The anniversary of the ill-fated voyage of Titanic is celebrated each April 14th. At 2:20 am. on April 15, 1912, the British ocean liner sank about 400 miles south of Newfoundland, Canada. The massive ship, which carried 2,200 passengers and crew, had struck an iceberg two and a half hours before. 700 survived.
As a food historian, I appreciate gathering friends to pay homage to lives lost in the famous tragic event, but also to serving these dishes throughout the year. Downton Abbey fans are particularly drawn to this tragedy as the series opens with this news that directly affects the Crawley family.
The Marvel of Titanic’s Kitchens
There is much trivia to appreciate about the ship. Passengers in steerage had never dined as well in their lives. Titanic was equipped with some of the most sophisticated culinary facilities afloat and boasted elegant cafes and opulent dining saloons that rivalled the finest restaurants in Paris and London.
A huge staff prepared 6,000 meals a day. The main galley featured serving pantries; a butcher shop; a bakery; vegetable kitchens; specialized rooms for silver and china; rooms for wines, beer and oysters; and huge storage bins for the tons of coal needed to fuel the 19 ovens, cooking tops, ranges and roasters. They even had huge freezer compartments when even grand houses like Downton had to rely on cold storage rooms and iceboxes.
If you are looking for a great COVID time read to learn more about Titanic’s foodservice and recipes, I highly recommend Last Dinner On the Titanic: Menus and Recipes from the Great Liner.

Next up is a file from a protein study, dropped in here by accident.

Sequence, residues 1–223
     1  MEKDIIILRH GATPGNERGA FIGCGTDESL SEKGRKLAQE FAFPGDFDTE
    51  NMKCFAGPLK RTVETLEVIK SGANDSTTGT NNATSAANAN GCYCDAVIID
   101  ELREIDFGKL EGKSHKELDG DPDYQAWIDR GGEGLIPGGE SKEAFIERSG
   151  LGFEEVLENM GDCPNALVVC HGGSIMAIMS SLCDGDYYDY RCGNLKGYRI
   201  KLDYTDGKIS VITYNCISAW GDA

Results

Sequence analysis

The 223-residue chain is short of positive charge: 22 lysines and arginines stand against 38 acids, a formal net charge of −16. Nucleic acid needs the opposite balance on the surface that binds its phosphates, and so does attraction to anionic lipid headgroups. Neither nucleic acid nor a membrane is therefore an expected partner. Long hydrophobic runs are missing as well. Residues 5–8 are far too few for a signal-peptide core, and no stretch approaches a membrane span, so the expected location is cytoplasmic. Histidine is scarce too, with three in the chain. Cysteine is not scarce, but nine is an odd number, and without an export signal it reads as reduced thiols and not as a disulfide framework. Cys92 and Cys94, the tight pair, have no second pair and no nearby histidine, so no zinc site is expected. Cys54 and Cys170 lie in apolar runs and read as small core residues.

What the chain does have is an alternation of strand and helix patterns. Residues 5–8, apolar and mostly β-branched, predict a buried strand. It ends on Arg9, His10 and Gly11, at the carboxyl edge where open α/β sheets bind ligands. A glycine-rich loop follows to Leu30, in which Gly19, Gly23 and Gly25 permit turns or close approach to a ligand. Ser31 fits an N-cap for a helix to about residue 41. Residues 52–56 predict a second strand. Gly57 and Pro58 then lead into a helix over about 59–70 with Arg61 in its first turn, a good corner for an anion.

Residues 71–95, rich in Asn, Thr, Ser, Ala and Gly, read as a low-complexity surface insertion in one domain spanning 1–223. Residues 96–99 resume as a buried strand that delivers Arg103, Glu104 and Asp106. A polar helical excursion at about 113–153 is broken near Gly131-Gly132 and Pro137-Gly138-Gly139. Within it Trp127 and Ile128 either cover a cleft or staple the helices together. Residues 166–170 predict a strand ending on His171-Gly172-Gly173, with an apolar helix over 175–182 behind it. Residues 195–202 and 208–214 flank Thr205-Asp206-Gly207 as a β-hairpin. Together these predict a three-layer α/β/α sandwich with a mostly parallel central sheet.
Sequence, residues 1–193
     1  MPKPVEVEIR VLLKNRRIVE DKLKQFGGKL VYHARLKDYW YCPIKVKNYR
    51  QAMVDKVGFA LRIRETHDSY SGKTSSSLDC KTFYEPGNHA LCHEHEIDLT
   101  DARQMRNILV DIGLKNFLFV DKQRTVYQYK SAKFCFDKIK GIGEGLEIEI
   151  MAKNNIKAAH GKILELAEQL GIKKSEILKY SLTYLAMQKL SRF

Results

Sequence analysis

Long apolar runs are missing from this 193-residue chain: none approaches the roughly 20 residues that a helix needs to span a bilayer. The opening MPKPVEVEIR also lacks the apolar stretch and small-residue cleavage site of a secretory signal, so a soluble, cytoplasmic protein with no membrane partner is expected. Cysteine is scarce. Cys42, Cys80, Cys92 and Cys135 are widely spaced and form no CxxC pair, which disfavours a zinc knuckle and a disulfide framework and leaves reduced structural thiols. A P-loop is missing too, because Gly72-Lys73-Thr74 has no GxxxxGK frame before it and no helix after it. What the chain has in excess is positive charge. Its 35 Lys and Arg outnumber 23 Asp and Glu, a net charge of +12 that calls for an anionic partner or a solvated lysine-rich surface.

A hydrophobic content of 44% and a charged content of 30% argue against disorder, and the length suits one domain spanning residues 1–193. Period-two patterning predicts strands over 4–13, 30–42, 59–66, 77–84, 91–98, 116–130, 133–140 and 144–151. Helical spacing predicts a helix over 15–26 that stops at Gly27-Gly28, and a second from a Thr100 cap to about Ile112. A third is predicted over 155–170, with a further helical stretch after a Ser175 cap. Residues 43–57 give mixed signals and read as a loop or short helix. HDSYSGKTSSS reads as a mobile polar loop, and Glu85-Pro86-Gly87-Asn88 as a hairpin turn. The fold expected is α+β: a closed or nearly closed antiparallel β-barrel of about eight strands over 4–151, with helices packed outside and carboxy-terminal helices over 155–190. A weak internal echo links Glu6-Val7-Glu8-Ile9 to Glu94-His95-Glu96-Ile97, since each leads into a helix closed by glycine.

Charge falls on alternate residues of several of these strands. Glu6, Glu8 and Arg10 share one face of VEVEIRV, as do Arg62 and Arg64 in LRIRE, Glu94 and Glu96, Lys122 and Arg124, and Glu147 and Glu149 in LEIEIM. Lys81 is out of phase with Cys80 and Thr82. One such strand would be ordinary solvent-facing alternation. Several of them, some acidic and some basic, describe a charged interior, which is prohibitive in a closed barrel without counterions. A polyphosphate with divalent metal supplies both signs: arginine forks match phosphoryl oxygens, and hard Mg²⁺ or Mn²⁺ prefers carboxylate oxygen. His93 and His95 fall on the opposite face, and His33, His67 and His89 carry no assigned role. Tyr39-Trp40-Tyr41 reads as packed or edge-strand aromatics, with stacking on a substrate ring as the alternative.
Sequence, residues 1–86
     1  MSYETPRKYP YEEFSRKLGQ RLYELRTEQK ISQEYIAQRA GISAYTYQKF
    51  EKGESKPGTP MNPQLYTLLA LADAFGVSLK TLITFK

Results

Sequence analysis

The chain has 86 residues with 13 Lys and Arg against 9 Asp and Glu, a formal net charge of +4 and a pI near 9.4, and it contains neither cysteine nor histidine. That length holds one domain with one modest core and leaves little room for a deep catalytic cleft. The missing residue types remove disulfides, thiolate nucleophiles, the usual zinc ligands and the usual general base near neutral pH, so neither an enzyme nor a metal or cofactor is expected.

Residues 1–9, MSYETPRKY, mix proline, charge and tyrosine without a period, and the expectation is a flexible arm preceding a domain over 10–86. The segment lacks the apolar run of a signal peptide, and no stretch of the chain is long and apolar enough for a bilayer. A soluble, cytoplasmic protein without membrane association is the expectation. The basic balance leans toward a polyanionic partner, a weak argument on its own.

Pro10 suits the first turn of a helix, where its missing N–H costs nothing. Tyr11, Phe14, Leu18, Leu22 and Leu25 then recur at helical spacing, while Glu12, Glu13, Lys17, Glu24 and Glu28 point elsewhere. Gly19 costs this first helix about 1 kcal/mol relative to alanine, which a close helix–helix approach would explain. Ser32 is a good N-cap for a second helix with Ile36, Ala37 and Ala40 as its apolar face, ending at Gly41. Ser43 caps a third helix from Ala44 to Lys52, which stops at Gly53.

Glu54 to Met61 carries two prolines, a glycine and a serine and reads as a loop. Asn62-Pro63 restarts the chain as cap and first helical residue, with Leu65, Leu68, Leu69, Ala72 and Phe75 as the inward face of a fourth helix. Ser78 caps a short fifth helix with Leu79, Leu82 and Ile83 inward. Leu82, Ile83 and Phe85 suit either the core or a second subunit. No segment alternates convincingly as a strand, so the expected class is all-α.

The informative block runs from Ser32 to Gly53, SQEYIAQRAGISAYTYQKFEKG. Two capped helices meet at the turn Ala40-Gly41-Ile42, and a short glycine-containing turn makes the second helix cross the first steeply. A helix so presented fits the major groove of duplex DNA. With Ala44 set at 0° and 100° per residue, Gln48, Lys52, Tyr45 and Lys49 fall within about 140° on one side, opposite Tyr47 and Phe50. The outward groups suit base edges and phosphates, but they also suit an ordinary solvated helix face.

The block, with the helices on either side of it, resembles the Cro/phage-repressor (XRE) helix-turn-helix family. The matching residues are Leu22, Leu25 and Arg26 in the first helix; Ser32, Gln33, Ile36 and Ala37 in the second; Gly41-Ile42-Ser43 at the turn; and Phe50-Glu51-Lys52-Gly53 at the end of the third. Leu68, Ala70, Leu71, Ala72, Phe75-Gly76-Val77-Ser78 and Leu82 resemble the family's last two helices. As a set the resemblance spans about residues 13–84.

Downton’s Titanic Inside Joke
We all remember Edith’s wedding disaster in S3E03. What you might not know was that many of the dishes were also served in 1st Class on Titanic. I am sure that these menu choices were reflective of Julian Fellowes’s keen interest in Titanic but perhaps were also meant to foreshadow the catastrophe at the altar. Equally amusing was that the Downton staff really didn’t know what to make of the food when offered the leftovers.
The dishes included:
- Oysters à la Russe
- Calvados Glazed Duck
- Asparagus Salad with Saffron Vinaigrette
- Lobster Rissoles with Mousseline Sauce
From Asparagus Salad to Chocolate Eclairs
It is fortunate that menus survived the disaster; survivors had tucked the menus into their pockets. In 2012, on the 100th Anniversary, I researched and prepared each dish, modifying recipes to current tastes where applicable.
While you are at home with time on your hands, you don’t have to prepare a whole Titanic meal to honour the past. With 42 dishes from that last dinner on April 14th served in 3 classes of passengers, there is plenty to choose from.
I often prepare a unique dish and present it to my guests noting its connection to the Titanic. Great Food Has a History!
You can browse all the dishes here.
Click on the Menu links to reveal the recipes in each class.